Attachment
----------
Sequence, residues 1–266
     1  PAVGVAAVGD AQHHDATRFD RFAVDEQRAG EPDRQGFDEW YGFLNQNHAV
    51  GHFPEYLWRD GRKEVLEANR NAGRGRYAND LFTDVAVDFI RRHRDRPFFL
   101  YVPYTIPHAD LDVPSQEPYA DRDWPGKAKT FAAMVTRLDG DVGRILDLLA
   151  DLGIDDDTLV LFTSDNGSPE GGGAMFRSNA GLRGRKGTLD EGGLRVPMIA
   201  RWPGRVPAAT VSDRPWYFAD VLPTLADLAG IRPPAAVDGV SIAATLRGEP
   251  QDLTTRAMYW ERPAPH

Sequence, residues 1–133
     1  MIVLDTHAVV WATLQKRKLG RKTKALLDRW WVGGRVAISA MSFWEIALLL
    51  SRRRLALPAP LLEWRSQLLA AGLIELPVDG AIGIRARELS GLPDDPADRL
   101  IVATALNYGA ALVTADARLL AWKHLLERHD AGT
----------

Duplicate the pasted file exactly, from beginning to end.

Sequence, residues 1–266
     1  PAVGVAAVGD AQHHDATRFD RFAVDEQRAG EPDRQGFDEW YGFLNQNHAV
    51  GHFPEYLWRD GRKEVLEANR NAGRGRYAND LFTDVAVDFI RRHRDRPFFL
   101  YVPYTIPHAD LDVPSQEPYA DRDWPGKAKT FAAMVTRLDG DVGRILDLLA
   151  DLGIDDDTLV LFTSDNGSPE GGGAMFRSNA GLRGRKGTLD EGGLRVPMIA
   201  RWPGRVPAAT VSDRPWYFAD VLPTLADLAG IRPPAAVDGV SIAATLRGEP
   251  QDLTTRAMYW ERPAPH

Sequence, residues 1–133
     1  MIVLDTHAVV WATLQKRKLG RKTKALLDRW WVGGRVAISA MSFWEIALLL
    51  SRRRLALPAP LLEWRSQLLA AGLIELPVDG AIGIRARELS GLPDDPADRL
   101  IVATALNYGA ALVTADARLL AWKHLLERHD AGT